Egypt marked the first anniversary of the popular overthrow of Hosni Mubarak, but a poor turnout for a strike called by activists to protest the slow pace of change from military rule laid bare the country's deep divisions.
The general strike, called to press demands for the immediate departure of the military council that replaced Mr Mubarak, failed to cause major disruption.
It was opposed by religious figures and political groups, including the powerful Islamists.
It was business as usual at Cairo's railway station and airport.
Buses and the metro ran as normal and an official said the strike call had no impact on the Suez Canal.
Hailed as heroes a year ago for unseating Mr Mubarak, the army has faced growing criticism for its management of Egypt since assuming power at the culmination of 18 days of mass protests fuelled by poverty and demands for democratic government.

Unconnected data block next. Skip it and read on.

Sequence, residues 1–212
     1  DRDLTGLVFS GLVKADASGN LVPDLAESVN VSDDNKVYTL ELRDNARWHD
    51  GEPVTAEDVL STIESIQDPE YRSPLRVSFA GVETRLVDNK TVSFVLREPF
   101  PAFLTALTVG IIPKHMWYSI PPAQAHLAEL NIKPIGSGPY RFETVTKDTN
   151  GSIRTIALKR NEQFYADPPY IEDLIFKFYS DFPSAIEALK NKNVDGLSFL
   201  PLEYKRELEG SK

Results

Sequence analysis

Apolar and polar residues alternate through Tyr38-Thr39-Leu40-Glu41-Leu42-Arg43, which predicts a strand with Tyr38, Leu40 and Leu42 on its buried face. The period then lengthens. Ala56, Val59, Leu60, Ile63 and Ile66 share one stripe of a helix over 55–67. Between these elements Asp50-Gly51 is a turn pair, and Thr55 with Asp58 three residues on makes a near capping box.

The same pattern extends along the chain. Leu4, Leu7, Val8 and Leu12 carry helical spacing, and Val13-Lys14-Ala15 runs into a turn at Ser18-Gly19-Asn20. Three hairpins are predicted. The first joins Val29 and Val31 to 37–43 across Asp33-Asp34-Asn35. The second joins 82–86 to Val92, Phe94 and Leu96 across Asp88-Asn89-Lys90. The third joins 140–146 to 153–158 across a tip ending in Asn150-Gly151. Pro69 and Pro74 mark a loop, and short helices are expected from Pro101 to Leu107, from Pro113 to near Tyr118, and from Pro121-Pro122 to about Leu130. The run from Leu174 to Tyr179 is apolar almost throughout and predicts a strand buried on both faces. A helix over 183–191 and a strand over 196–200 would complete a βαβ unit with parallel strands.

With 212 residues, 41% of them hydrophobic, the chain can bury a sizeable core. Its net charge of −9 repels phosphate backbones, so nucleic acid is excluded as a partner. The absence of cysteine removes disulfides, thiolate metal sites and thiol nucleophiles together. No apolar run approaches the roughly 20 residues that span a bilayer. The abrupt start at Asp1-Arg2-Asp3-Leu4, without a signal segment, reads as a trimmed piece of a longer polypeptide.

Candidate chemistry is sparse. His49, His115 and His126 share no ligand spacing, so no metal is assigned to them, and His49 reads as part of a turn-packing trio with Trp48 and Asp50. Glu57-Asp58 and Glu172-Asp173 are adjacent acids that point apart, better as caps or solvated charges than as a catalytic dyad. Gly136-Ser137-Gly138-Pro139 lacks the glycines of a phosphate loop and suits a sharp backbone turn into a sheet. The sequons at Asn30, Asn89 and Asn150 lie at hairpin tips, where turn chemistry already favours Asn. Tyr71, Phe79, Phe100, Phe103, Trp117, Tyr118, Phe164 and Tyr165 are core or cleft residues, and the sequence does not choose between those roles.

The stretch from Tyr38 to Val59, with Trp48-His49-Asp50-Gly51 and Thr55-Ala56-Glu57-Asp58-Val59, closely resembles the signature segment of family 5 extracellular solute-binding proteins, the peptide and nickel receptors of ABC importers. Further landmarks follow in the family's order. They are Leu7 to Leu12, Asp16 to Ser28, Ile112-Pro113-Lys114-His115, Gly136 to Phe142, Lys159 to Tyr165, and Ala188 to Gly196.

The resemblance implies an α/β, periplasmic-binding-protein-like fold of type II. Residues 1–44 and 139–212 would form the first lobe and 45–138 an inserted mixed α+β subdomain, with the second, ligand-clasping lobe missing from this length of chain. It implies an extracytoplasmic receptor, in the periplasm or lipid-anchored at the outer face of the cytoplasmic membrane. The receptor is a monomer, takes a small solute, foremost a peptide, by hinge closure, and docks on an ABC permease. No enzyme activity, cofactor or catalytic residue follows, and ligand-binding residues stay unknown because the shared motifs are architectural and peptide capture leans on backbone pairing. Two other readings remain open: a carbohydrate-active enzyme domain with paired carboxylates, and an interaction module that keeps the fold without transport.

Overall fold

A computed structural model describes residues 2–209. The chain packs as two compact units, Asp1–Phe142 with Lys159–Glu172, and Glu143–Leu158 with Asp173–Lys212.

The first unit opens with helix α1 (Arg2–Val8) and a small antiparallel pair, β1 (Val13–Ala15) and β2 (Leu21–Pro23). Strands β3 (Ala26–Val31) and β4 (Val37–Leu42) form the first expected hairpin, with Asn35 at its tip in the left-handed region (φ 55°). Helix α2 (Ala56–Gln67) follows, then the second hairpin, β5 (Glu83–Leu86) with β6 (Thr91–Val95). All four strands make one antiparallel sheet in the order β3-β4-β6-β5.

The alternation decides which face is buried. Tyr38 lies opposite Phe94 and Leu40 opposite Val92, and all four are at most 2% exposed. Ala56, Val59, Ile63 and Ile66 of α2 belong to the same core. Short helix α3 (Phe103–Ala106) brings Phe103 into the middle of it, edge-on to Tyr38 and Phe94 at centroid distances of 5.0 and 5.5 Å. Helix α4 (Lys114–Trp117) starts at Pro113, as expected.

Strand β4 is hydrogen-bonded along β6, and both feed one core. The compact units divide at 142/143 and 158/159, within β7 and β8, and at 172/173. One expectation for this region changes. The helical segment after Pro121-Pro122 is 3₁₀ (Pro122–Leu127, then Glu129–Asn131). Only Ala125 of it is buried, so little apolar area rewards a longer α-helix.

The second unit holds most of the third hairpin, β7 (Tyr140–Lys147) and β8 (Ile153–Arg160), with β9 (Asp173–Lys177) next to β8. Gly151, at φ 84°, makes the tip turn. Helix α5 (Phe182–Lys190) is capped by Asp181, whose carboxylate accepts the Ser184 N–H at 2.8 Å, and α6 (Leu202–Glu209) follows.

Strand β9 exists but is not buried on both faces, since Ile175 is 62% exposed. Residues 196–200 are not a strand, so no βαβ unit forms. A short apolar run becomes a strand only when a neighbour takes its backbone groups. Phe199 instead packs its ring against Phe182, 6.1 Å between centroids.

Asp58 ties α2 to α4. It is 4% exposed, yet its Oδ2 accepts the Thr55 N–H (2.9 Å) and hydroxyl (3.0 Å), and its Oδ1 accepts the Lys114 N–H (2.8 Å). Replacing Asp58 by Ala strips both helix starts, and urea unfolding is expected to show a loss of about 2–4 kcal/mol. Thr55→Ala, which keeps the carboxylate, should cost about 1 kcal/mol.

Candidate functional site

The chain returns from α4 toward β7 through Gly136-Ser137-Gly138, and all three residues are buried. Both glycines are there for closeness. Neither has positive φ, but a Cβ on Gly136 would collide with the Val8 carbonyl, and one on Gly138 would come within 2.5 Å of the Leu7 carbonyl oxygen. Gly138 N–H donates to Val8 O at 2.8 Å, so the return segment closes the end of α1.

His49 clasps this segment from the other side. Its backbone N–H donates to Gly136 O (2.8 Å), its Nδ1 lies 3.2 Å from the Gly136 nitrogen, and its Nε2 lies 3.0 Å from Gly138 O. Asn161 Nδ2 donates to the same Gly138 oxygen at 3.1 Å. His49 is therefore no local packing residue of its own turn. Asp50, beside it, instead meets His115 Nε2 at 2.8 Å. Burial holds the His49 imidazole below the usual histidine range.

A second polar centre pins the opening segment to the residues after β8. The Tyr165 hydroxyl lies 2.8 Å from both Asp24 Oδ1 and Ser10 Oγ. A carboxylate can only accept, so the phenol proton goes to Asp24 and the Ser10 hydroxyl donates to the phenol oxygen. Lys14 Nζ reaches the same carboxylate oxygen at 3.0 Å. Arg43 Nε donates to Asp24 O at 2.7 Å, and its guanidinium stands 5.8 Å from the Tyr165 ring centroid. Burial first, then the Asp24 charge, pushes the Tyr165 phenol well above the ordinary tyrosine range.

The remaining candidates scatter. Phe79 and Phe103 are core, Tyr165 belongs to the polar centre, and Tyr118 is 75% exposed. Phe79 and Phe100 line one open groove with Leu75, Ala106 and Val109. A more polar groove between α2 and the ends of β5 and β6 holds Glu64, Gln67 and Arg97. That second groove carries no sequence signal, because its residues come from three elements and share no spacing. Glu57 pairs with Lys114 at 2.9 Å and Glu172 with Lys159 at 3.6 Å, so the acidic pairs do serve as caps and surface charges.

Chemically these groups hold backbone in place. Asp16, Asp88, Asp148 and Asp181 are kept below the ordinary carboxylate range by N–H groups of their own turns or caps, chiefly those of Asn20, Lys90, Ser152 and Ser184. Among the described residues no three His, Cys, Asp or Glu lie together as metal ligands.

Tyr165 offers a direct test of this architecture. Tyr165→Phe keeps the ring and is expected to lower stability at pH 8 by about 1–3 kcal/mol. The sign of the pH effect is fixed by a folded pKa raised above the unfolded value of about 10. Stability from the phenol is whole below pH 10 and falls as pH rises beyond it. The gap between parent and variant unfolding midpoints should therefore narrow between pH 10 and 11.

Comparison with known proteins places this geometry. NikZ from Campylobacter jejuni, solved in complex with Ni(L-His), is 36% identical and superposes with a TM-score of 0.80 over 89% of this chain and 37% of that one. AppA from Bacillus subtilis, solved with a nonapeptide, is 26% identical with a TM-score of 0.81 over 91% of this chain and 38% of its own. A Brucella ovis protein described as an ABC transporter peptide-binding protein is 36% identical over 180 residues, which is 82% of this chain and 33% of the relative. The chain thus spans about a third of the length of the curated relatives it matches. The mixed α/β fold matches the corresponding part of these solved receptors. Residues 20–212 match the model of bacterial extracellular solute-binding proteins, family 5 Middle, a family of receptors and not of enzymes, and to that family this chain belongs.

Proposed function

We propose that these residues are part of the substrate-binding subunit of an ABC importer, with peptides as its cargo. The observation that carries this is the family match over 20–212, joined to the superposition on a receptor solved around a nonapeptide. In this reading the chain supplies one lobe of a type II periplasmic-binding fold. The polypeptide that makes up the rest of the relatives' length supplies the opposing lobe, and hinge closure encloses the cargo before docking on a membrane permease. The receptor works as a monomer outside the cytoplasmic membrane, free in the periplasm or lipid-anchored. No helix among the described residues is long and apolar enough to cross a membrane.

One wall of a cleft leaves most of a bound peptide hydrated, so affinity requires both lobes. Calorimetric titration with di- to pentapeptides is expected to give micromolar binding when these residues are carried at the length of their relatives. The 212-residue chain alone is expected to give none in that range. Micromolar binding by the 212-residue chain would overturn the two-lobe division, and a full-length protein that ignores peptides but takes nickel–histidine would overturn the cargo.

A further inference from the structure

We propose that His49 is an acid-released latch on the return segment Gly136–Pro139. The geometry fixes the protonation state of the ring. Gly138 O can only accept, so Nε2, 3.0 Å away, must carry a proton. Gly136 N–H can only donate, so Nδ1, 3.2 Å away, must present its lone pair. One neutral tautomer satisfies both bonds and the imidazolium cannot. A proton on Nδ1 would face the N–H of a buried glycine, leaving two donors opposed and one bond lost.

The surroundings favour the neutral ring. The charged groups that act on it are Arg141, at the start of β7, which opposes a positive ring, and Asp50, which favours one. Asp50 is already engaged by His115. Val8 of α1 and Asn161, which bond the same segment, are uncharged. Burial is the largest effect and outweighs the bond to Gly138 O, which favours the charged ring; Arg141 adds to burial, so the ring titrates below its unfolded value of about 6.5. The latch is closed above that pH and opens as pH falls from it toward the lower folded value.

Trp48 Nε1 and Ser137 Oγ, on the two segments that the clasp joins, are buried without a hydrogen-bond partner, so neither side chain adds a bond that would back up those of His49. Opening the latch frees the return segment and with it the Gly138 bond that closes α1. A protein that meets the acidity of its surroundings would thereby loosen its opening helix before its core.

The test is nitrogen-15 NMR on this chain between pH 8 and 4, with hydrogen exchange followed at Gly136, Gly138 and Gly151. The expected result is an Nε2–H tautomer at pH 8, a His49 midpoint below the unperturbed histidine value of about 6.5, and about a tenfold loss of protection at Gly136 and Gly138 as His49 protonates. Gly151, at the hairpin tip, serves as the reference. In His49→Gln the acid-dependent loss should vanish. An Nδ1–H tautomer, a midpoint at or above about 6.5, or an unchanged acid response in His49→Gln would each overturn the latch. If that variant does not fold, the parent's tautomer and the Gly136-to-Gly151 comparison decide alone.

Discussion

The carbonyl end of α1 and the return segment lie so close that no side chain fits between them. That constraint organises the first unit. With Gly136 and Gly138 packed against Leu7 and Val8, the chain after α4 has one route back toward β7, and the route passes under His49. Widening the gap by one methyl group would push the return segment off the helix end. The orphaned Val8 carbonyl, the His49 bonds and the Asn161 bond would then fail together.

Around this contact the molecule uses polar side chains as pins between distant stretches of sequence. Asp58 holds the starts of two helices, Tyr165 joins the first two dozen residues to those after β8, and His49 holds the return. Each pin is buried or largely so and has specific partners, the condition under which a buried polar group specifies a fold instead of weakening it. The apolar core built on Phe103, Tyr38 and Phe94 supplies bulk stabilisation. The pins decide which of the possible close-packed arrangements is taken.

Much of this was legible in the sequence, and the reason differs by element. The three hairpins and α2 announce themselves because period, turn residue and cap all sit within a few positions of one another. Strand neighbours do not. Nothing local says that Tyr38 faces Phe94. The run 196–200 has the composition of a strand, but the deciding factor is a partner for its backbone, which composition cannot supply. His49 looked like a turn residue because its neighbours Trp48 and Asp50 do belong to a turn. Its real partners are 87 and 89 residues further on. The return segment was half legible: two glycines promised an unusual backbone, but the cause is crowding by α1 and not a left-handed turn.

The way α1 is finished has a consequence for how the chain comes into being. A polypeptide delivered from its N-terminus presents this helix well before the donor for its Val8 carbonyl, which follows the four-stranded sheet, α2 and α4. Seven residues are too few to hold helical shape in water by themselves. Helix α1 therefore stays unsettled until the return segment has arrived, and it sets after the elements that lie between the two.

Though the generals have pledged to hand power to an elected president by mid-year, the protest groups that ignited the anti-Mubarak uprising doubt their intentions, seeing them as an extension of his rule and an obstacle to real democracy.
A year after hundreds of thousands of people packed into Tahrir Square united in their demand for an end to Mr Mubarak's three-decade rule, Egypt faces a more divided picture.
Many have grown tired of street action and are urging a more patient approach, arguing Egypt needs stability to allow the recovery of an economy battered by a year of turmoil.
While the call for action failed to make an impact, one of the activist groups expected more strikes in the coming days.
The army deployed extra soldiers and tanks to protect state buildings and public property in the build-up to the anniversary.